The latest racially-inspired brouhaha comes from the world of NFL football and involves San Diego quarterback Colin Kaepernick, who has been busily explaining that his refusal to stand at games for the performance of the national anthem is his way of protesting the injustice delivered to African-Americans in the U.S. There’s no argument with his right to behave thusly.
The irony, of course, lies in the fact that he, like most professionals in the National Football League, as well as those on taxpayer-supported college/university campuses, have enjoyed inordinate largesse from their society, not deprivation or sport-related discrimination. Indeed, Kaepernick, a black who was born illegitimately (though such is glorified lately), abandoned by his father and given up for adoption by his mother, was raised by adoptive white parents.
The U.S. is about 73% white though soon it will be predominantly Latino, with blacks coming in third. This means that “reverse discrimination” is operative in professional sports, as well as on campuses, since sixty-seven percent of NFL football players are black. Seventy-four percent of National Basketball Association players are black. All twelve of the 2016 USA basketball Olympic champions were black…not one white player in that august body. There’s no social injustice in Kaepernick’s sport or in the NBA, either.
In the major baseball leagues (American, National), 29% of the players are Latino, many of them unable to speak or understand English. It’s doubtful that more than a handful, if that, are American citizens. Strangely, where once blacks had a large population of MLB players (19% or 27%, depending on standards used) they make up only 8% now, even though their skill-level has certainly not declined.
Perhaps this is explained by the fact that trash-talking, ridiculing opponents, taunting, writhing celebratory dances and other self-promoting juvenile activities introduced by black players a while back (and now adopted by many whites) are not seen in baseball games. These irksome elements are practiced throughout professional football and basketball games, where skills and athletic finesse have been replaced by head-hunting and body-slams in both sports.
Indeed, the New Orleans Saints coach was suspended for a whole season not long ago and some of his coaches also reprimanded for handing out “bounties” (cold cash) to players who inflicted opponents with injuries sufficient to necessitate their removal from games, sometimes trucked off to the nearest hospital. Like in the old Westerns, these monsters-in-pads were called “bounty hunters.”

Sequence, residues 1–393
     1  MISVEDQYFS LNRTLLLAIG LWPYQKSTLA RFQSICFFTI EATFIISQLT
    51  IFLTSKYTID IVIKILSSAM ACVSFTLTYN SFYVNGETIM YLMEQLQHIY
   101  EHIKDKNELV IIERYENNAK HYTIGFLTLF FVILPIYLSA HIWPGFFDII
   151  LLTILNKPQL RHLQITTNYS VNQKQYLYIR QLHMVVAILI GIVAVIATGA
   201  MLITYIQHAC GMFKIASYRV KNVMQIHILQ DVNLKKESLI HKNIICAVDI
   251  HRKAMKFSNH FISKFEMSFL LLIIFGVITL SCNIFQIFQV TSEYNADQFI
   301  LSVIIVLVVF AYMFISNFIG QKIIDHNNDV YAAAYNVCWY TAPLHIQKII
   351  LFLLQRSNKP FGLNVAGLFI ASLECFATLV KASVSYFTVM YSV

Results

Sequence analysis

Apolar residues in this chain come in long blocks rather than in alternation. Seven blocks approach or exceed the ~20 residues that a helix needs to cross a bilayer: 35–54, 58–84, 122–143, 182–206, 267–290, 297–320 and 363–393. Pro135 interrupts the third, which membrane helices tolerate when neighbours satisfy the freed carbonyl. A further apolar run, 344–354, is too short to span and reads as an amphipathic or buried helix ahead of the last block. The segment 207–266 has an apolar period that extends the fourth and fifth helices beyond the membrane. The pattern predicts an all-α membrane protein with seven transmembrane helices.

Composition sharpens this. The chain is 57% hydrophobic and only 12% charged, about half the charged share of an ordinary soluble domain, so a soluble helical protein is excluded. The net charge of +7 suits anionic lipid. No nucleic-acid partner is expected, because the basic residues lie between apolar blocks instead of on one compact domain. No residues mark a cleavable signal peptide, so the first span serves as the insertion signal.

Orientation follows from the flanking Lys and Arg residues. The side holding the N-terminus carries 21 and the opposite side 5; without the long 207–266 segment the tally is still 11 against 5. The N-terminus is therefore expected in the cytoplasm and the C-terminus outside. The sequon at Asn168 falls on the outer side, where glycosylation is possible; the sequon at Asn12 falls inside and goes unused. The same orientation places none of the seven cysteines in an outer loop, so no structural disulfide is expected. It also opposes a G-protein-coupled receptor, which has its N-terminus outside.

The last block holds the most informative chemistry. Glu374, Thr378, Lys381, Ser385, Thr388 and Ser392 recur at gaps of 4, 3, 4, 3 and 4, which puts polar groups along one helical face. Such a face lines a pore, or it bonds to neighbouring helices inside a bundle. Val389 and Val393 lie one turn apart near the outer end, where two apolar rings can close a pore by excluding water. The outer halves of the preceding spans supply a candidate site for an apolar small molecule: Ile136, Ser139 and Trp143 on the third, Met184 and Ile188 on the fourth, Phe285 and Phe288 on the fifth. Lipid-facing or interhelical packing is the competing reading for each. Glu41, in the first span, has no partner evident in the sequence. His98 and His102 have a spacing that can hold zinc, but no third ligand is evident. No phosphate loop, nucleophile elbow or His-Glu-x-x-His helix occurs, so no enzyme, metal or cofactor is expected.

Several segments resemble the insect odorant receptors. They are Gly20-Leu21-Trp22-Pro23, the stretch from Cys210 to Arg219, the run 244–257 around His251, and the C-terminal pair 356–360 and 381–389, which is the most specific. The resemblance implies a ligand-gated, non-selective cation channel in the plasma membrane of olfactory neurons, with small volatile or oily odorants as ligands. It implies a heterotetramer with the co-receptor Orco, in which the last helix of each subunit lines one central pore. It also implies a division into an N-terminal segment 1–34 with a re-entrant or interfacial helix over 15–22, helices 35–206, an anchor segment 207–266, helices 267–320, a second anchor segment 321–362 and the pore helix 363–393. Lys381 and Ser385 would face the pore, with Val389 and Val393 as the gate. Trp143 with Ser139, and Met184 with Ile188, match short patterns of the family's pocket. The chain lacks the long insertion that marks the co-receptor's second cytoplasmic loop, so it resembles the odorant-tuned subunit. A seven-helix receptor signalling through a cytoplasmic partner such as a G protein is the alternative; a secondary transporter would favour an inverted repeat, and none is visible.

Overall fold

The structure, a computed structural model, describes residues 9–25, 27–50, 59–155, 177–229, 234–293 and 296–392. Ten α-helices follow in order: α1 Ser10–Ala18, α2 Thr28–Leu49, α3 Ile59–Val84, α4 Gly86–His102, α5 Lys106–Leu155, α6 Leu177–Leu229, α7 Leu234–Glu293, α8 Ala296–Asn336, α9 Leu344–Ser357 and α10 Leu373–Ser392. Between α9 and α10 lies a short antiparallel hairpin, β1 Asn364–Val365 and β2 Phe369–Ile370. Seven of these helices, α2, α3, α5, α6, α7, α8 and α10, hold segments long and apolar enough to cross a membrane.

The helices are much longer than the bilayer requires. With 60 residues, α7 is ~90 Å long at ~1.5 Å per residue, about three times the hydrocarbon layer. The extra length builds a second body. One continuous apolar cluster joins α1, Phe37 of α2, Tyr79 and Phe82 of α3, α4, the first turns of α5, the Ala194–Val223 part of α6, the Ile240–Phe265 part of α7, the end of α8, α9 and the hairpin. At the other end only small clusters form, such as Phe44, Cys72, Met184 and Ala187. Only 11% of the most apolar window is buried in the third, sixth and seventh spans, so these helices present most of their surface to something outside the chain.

Nor has Kaepernick suffered from financial constraints. His 2016 salary (including bonuses) will be $15,890,753, even though he may spend most of his time riding the bench or recovering from possible surgery, the better to be protected from concussions or other bone/organ traumas…and those headhunters, who, admittedly, have introduced him to periods on his back looking at stars floating by.
The average annual player-salary in the NBA, MLB and NFL, respectively, is $5.15 million, $3.2 million, and $1.9 million, not exactly chicken-feed. Not counting post-season play, the footballers play 16 games, the basketballers 84 games and the baseballers 162 games. They’re in the saddle for 7-8 months of the year, after which they can chill for a few months, though some baseball players may go home to places like Venezuela and Puerto Rico to play winter ball and visit family.
Suffice it to say that Kaepernick does not reference racial mistreatment in sports unless he is acting in behalf of white players who are in the distinct minority but not complaining if only because they would be accused of bigotry. Nor does he take note of the fact that by a vast majority white people have voted a black into the presidency during the last eight years.
Most likely, Kaepernick is caught up in the Black Lives Matter movement and is pointing the finger at mostly white policemen, never mind that blacks kill each other 95% of the time, especially in cities like Chicago, D.C., and Baltimore. If he were a person of official importance, his protest might mean something, but, just as in the case of other millionaire entertainers, it’s sound and fury signifying nothing...but ignorance.
And so it goes.